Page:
"Ericsson called Worthington the finest hydraulic engineer in the nation — and that was no small praise from a man with an ego as big as Ericsson's."
That sterling reputation helps explain why the restless crew of the Monitor began to calm after their captain ordered the "Worthington pumps" into action on the stormy Cape Hatteras night when the ship began to take on water.
But though Capt. James P. Bankhead underscored their use in his later report — and noted how they initially stemmed the rising flow — the Monitor ultimately sank with the loss of 16 sailors.
"They didn't say, 'Break out the pumps!' They said, 'Break out the Worthington pumps!' It was their best chance of salvation," Quarstein says.
"But once they heard the fire go out and the pumps fall silent, they knew they'd lost the ship."
Building a replica of the Worthington pump was not the first goal of conservators when they began working on the 4.5-foot-long, 400-pound machines.
What they wanted was the practical experience of disassembling and treating each pump's roughly 120 parts after removing 140 years of marine concretion and corrosion.
That training would help them take on such enormous artifacts as the main steam engine, which not only weighs nearly 20 tons but also incorporates an untold number of components, Hoffman says.
"We talk about the Victorian era as if it was the Dark Ages. But they were very sophisticated in the design and fabrication of these machines," he said.
"It's taken us five years to recreate something they were making by the hundreds every week."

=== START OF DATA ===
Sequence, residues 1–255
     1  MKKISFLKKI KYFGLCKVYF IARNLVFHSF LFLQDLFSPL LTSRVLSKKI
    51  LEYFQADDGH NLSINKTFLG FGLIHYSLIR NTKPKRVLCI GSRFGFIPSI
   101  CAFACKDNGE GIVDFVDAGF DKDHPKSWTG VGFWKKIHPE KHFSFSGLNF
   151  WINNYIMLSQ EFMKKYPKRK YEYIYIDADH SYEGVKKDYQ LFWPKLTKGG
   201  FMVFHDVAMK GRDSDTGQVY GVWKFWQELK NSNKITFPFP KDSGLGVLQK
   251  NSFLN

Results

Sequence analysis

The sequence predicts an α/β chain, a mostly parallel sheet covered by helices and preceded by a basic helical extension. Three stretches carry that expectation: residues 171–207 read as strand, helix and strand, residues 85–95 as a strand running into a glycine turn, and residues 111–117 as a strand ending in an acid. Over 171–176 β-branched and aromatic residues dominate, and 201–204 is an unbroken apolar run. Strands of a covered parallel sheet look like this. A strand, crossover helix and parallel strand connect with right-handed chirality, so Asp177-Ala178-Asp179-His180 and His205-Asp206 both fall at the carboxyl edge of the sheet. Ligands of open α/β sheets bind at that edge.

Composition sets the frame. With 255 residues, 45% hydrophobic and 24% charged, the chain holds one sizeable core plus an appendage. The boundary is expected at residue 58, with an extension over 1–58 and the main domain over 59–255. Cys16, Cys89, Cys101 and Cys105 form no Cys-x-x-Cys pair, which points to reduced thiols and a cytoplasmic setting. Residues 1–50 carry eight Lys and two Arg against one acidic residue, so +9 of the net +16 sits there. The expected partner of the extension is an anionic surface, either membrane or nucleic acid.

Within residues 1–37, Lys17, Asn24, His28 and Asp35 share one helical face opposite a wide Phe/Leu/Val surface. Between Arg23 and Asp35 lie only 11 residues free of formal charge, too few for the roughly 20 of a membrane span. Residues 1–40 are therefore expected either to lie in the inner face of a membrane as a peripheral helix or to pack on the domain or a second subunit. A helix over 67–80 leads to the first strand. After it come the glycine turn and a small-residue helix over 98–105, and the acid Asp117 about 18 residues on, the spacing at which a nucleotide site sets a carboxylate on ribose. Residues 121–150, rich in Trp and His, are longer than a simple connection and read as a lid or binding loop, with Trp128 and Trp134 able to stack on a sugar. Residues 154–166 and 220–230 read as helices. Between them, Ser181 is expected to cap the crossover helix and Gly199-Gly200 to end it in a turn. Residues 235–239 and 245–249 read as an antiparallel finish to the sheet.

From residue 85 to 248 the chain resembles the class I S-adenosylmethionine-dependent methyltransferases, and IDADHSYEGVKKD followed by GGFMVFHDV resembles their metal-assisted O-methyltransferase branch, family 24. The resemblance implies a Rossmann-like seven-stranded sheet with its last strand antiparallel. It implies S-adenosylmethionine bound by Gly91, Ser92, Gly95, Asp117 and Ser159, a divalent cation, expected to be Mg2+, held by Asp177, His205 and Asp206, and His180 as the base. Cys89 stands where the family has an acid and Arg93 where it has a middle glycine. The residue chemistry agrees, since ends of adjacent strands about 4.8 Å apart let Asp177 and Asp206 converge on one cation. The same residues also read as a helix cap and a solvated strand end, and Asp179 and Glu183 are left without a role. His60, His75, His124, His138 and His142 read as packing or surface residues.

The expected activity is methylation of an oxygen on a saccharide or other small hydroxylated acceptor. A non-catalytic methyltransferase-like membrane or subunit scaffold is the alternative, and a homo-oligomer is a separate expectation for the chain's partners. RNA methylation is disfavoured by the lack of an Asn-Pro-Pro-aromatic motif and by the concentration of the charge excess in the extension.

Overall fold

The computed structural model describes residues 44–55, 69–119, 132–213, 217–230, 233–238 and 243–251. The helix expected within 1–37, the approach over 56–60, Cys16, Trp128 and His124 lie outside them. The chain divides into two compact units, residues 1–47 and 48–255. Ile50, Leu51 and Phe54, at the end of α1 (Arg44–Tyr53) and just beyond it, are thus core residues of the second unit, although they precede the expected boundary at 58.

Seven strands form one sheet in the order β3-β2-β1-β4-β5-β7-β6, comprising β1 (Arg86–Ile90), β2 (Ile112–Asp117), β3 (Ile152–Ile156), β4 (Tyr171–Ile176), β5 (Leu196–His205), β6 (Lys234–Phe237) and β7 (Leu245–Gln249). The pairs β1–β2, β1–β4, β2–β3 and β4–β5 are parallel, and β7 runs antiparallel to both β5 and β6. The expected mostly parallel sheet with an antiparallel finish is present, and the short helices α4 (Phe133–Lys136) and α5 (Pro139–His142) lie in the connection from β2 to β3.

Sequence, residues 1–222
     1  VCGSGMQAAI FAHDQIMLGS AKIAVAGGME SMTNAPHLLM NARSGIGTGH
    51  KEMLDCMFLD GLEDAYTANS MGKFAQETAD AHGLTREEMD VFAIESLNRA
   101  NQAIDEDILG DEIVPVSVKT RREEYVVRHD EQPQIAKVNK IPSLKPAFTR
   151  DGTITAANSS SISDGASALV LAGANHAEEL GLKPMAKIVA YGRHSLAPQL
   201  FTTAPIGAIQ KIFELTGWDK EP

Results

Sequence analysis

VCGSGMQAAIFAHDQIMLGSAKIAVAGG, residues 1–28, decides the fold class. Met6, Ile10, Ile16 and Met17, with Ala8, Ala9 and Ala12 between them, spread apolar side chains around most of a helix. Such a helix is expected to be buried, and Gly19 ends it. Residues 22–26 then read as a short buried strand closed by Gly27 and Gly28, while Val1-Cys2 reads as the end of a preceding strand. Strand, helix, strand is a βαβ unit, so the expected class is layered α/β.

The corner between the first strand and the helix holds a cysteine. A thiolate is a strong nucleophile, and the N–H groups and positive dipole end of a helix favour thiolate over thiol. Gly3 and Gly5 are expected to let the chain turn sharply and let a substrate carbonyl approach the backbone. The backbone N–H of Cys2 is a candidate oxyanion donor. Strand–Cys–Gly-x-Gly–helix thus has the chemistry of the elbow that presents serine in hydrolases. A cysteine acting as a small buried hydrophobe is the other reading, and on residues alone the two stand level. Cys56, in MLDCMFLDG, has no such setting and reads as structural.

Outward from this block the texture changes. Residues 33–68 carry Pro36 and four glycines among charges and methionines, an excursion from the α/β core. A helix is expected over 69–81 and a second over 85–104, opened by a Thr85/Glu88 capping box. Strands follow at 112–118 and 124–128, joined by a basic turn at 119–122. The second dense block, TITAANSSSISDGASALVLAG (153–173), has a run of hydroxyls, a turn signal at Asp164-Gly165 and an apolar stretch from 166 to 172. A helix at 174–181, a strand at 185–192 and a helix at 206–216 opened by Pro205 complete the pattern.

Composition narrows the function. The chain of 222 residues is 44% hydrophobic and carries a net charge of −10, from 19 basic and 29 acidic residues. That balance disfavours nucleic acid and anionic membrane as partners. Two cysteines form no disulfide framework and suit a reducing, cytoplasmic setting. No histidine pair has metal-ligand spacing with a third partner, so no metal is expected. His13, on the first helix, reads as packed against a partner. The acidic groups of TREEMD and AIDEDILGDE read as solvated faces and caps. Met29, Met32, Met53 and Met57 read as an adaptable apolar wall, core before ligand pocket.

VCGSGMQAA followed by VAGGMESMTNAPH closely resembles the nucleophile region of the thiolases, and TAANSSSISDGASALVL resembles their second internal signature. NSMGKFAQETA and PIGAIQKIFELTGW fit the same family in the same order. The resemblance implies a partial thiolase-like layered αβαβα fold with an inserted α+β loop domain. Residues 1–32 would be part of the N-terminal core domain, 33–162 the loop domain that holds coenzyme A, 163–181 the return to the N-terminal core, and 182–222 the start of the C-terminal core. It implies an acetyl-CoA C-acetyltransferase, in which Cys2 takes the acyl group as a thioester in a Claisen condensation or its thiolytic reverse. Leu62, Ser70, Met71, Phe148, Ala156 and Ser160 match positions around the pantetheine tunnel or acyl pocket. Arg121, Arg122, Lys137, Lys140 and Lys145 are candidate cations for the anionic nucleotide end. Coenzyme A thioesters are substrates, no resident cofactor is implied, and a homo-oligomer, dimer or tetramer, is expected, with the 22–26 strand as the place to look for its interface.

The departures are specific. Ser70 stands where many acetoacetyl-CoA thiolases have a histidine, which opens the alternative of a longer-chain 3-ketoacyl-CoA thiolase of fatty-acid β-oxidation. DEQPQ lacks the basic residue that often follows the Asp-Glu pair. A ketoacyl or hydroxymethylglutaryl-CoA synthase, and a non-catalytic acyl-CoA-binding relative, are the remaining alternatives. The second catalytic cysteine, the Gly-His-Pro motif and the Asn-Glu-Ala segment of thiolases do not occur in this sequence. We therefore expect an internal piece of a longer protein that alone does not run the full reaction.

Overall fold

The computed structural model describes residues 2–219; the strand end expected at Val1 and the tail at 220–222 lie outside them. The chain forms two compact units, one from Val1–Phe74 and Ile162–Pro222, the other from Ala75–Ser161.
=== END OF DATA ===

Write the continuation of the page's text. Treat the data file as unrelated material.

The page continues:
Still, when it came to telling the story of the Monitor's importance as history's first mechanized warship, few people thought a computerized simulation based on 3D scans of the parts would be more instructive and engaging than a moving pump, Hoffman says.
So in 2010 he and his colleagues began making molds for a partial trial recreation that blossomed into a full working replica.
Funded with $40,000 from Curtiss-Wright Flow-Control Co. — the successor to Worthington's original firm — the conservators cast dozens of new iron and bronze parts at the State University of New York College at Buffalo, then had additional parts and machining done by Master Machine and Tool Co. Inc. of Newport News.
New gaskets came from Hampton Rubber Co. Inc.
Conservators tested the replica for the first time on Dec. 29 — just two days short of the 153rd anniversary of the Monitor's demise.
As the piston slid back and forth, it filled the cavernous Monitor Center lab with a sound that had not been heard for years.
"I was pretty confident it would work. But you never know," Hoffman says.
"When you closed your eyes and listened, you were back on the Monitor. It put you back on that ship."
Erickson can be reached by phone at 757-247-4783.
Battle of Hampton Roads Weekend
Where: The USS Monitor Center at The Mariners' Museum, 100 Museum Drive, Newport News
When: Friday through Sunday, with lectures, tours, demonstrations, re-enactments, Civil War Beard Competition, Civil War food tasting and iron casting at various times and demonstration of the Worthington pump replica at 1:30 p.m. Sunday.
Cost: Most programs are included in museum admission of $13.95 adults, $5.95 children 3-12. Additional fees apply for lab tours, food tastings and other events.
Info: 757-596-2222; battleofhamptonroads.com
ONLINE: Go to dailypress.com/history to see a photo gallery and video.